The rise of early Christianity has been examined from a myriad of perspectives, but until recently ritual has been a neglected topic. Ritual and Christian Beginnings: A Socio-Cognitive Analysis argues that ritual theory is indispensable for the study of Christian beginnings. It also makes a strong case for the application of theories and insights from the Cognitive Science of Religion, a field that has established itself as a vigorous movement in Religious Studies over the past two decades. Risto Uro develops a 'socio-cognitive' approach to the study of early Christian rituals, seeking to integrate a social-level analysis with findings from the cognitive and evolutionary sciences. Ritual and Christian Beginnings provides an overview of how ritual has been approached in previous scholarship, including reasons for its neglect, and introduces the reader to the emerging fields of Ritual Studies and the Cognitive Science of Religion. In particular, it explores the ways in which cognitive theories of ritual can shed new light on issues discussed by early Christian scholars, and opens up new questions and avenues for further research. The socio-cognitive approach to ritual is applied to a number of test cases, including John the Baptist, the ritual healing practiced by Jesus and the early Christians, the social life of Pauline Christianity, and the development of early Christian baptismal practices. The analysis creates building blocks for a new account of Christian beginnings, highlighting the role of ritual innovation, cooperative signalling, and the importance of bodily actions for the generation and transmission of religious knowledge.
A report on survey work and salvage excavations, 1990-1997, undertaken at the Late Roman church of Maroni Petrera located in the Lower Maroni Valley in southern Cyprus and first established in the mid-5th century. Within the remit of the work of the Maroni Valley Archaeological Survey Project the remains of this semi-bulldozed site were recorded, the wider area surveyed and the finds studied. This report includes details on the survey work, the stratigraphic excavations and the finds including ceramics, tiles (many with embossed decoration), worked stone and building materials, metal and glass fragments, coins and other features such as burials and a cistern. A more general discussion of the development of the church, its role within the Maroni Valley and comparisons with contemporary sites elsewhere on the island, is also included.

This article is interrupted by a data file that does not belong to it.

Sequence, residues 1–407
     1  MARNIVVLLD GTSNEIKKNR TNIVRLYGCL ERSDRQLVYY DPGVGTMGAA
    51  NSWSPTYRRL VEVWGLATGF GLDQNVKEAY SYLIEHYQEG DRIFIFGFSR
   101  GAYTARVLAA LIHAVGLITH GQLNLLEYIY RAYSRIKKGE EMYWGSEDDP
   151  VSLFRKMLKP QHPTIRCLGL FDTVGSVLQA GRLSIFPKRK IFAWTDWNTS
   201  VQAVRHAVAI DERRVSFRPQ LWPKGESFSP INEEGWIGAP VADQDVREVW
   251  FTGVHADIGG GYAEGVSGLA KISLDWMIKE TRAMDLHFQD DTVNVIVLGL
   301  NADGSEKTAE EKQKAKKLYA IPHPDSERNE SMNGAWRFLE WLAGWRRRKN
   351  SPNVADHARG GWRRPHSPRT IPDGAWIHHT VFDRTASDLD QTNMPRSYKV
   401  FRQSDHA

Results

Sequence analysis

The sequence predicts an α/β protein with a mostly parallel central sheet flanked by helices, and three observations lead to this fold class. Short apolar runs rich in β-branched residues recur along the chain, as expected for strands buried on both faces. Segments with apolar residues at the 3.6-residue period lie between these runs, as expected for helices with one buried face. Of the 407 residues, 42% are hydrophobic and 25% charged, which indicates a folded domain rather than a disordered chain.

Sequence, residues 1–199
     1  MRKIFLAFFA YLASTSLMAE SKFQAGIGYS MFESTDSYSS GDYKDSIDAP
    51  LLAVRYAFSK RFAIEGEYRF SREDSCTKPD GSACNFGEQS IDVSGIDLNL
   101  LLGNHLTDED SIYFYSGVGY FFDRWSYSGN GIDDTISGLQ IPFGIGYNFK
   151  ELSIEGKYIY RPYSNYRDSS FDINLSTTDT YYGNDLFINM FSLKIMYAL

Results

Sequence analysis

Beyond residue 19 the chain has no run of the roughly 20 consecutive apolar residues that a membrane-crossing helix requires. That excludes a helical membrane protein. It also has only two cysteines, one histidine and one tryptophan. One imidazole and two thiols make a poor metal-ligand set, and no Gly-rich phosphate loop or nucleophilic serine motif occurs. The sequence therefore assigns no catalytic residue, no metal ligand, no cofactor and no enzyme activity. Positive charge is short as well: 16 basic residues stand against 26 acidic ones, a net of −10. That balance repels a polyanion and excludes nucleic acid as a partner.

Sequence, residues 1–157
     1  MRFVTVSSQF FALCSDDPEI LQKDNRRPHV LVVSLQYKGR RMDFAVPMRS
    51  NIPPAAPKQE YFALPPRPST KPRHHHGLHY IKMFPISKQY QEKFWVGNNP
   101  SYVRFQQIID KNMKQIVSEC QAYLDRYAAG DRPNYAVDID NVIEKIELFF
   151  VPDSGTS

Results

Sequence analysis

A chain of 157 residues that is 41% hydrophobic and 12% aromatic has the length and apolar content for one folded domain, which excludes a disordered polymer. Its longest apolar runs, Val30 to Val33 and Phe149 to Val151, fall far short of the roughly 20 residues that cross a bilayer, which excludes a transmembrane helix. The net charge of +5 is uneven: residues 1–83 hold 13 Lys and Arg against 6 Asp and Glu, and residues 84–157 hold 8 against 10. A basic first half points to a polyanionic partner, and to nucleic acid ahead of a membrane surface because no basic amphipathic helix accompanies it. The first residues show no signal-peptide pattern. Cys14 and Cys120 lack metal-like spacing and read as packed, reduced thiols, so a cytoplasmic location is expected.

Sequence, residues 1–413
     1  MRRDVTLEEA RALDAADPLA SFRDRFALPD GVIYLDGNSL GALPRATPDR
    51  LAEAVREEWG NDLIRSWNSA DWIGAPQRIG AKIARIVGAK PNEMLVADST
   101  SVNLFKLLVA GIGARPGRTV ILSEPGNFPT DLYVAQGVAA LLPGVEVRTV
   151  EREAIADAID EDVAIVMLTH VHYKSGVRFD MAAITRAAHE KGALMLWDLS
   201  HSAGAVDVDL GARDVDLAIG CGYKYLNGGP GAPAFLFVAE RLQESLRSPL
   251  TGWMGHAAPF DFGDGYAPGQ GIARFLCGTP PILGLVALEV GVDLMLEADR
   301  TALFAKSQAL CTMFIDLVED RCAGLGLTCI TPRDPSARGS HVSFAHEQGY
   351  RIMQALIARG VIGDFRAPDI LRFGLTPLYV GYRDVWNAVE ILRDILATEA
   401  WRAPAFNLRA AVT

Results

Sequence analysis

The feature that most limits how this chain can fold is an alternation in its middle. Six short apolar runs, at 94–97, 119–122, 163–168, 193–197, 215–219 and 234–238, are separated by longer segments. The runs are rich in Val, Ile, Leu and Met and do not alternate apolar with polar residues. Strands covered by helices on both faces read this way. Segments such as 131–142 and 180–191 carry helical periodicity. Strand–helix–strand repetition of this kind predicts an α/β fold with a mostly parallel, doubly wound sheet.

For too long certain scholars have been content to portray Irenaeus of Lyons as a well-meaning churchman but incompetent theologian. By offering a careful reading of Irenaeus' polemical and constructive arguments, God and Christ in Irenaeus contradicts these claims by showing that he was highly educated, trained in the rhetorical arts, aware of general philosophical positions, and able to use both rhetorical and philosophical theories and methods in his argumentation. Moreover, the theological account laid down by his pen was original and sophisticated, supremely so for one of the second century. In contrast to readings that minimize the metaphysical dimension of Irenaeus' theology, Anthony Briggman establishes as pillars of Irenaeus' polemical argumentation and constructive theology his conception of the divine being as infinite and simple, the reciprocal immanence of the Word-Son and God the Father, divine generation, the union of the divine Word-Son and human nature in the person of Christ, and the revelatory activity of the infinite and incomprehensible Word-Son, amongst other features of his theology. Briggman offers a fundamentally new understanding of Irenaeus and his thought.